Dead Sea Scrolls are in 'very good condition' says expert
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More than 60 years ago, a shepherd found seven scrolls in the Qumran Caves in the Judean desert of the West Bank, near the Dead Sea. The findings formed a larger manuscript, including the oldest surviving copy of the Ten Commandments, which has come to be known as the Dead Sea Scrolls which date back to the third century BC. The papers contain Biblical and non-Biblical stories and have offered scientists and historians a glimpse into the past and shed new light on Abrahamic religions such as Christianity and Judaism.
Fragments of the scrolls are scattered through various institutions across the globe, with researchers attempting to unravel the mystery.
In total, more than 25,000 fragments have been discovered from 11 different caves.
Although they have been preserved for almost 2,000 years, researchers are still unsure who the original authors were.
However, new analysis has revealed just two scribes wrote the large manuscript called 1QIsaa.
1Qlsaa is 2,000 years old and contains 66 chapters of the Hebrew Bible’s Book of Isaiah.
Researchers from the University of Groningen’s Qumran Institute went through “painstaking” analysis of the scroll, including machine learning and digitisation – converting the text from analogue to digital – to determine how many authors were involved.
Essentially, the researchers took a deep look at the handwriting of the scrolls to see how the text was written.
Peter Phillips, research fellow in digital theology at Durham University, who was not involved in the research, described the process on The Conversation.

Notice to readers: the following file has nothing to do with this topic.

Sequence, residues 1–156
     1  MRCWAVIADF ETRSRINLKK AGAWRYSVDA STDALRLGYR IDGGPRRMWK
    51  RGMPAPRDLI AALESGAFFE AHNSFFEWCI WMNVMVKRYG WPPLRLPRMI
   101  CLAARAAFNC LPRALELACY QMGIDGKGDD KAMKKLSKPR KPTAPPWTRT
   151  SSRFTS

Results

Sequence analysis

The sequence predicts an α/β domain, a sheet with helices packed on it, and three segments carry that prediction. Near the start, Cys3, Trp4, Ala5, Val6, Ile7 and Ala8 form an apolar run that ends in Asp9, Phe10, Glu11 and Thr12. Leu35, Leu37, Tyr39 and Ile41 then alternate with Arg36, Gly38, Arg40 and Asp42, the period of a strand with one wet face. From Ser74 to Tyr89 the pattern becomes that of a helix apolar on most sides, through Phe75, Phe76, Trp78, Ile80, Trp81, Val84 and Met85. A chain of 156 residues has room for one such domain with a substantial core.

He wrote: “The authors trained an algorithm to separate the ink from its background, the leather or the papyrus of the scroll.
“Then, the algorithm studied every character, looking for small changes that might signal a different write.
“To some extent, the new paper overturns the argument that the original text was the work of one scribe.
“At the end the 27th column of text out of 54, the researchers found a break in the manuscript – both a gap of three lines and a change in material.
“A second sheet is stitched onto the first, and at this stage, the authors suggest, the scribe also changed.
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“This result adds to the general assumption and some previous research suggesting there were perhaps teams of scribes who worked together on the Dead Sea Scrolls, with some working as apprentices to the more senior members.”
However, there could be other explanations for the slight change in writing style.
Mr Phillips wrote: “A different scribe is not the only possible explanation, however.
“The authors note that a change of pen, the sharpening of a nib, a change in writing conditions or in the health of the scribe could contribute to the difference they found.
“Still, the difference seems pretty clear, and a change of scribe is the most likely conclusion.”
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